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Howto receive 4GB memory as one chunk, DPMI + Watcom C (Developers)

posted by alexfru(R), USA, 14.02.2019, 10:32

> > If the problem is in the standard library, you should try allocating
> memory
> > directly either via DPMI functions or HIMEM.SYS (possibly, before the
> main
> > .EXE, and then map it via DPMI).
>
> yes :( (I have no enough expirience for it, now)
>
> Also... What about SmallerC's dpstub.asm ? (is this mapping available? may
> be more easy way - just switch to SmallerC?)

First of all you should probably forget about editing any files larger than 2GB-1. That's a FAT16 maximum. FAT32 may let you have 4GB-1-long files, but...

... Secondly, in 32-bit compilers (especially old ones or developed for old systems) long and fpos_t likely won't let you handle more than 2GB-1 for file sizes and offsets. malloc() may also fail for larger sizes (due to possible implementation bugs, even if the underlying DPMI host allows it).

Third, I don't know what size limitations are in e.g. CWSDPMI or DOS4GW. There may be some. Btw, NTVDM on Windows Vista (or was it 7?) and up also limits DPMI memory by default to something like 32MB (can be fixed by poking in the registry, AFAIR).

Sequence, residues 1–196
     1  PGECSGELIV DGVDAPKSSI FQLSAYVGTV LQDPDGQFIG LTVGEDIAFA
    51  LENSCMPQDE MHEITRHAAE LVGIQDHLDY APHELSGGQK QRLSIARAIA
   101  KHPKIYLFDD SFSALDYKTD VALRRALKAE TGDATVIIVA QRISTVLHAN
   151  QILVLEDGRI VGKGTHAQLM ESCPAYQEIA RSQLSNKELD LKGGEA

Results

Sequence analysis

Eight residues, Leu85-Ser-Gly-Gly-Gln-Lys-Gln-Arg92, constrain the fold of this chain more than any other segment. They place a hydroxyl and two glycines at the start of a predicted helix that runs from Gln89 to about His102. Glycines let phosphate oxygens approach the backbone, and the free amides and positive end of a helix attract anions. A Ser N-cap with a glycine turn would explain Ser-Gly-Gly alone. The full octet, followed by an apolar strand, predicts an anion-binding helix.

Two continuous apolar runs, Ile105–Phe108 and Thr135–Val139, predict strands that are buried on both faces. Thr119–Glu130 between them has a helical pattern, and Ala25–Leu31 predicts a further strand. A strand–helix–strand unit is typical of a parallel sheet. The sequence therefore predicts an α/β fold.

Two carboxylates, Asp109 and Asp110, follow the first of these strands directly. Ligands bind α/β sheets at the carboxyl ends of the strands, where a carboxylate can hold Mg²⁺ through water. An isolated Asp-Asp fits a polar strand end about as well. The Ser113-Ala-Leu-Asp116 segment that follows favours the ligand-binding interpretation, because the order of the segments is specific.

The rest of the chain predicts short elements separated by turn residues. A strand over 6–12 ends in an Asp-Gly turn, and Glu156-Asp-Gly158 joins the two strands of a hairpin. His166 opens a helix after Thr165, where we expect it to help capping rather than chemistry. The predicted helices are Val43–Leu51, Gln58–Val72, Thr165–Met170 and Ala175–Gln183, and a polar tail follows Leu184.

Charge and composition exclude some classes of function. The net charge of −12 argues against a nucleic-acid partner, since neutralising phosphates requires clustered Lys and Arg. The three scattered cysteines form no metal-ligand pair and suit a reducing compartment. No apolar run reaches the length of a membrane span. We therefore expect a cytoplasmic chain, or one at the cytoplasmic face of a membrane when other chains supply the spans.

In reality I wouldn't want to deal with anything larger than 1GB in DOS at all.

Fourth, Smaller C isn't particularly good if you want to do lots of processing. It optimizes nearly nothing. And its malloc() is primitive and not suitable for many allocations (very likely much worse than Watcom's or DJGPP's). Smaller C's <string.h> functions (actually, most of the library functions) are also implemented in slow C.

So, yeah, you'll likely need a custom memory manager for your task.

Another thing to point out is that you shouldn't be using primitive algorithms when working with large text files. You definitely don't want to move 1GB of data in memory every time you insert or delete a character in the middle of a 2GB file. https://en.wikipedia.org/wiki/Gap_buffer may help here (it's a very simple data structure with a simple implementation).

Speaking of algorithms, if you can't allocate most of free RAM as one block due to fragmentation, you may want to represent your text as https://en.wikipedia.org/wiki/Rope_(data_structure). Then you can use non-contiguous buffers. The rope is more complex than the gap buffer and needs more memory for the meta data.

As for dpstub.asm, if you specify a large value in -maxheap (when linking), you should be able to malloc() that much memory at once unless the DPMI host has some limitation of its own.

 

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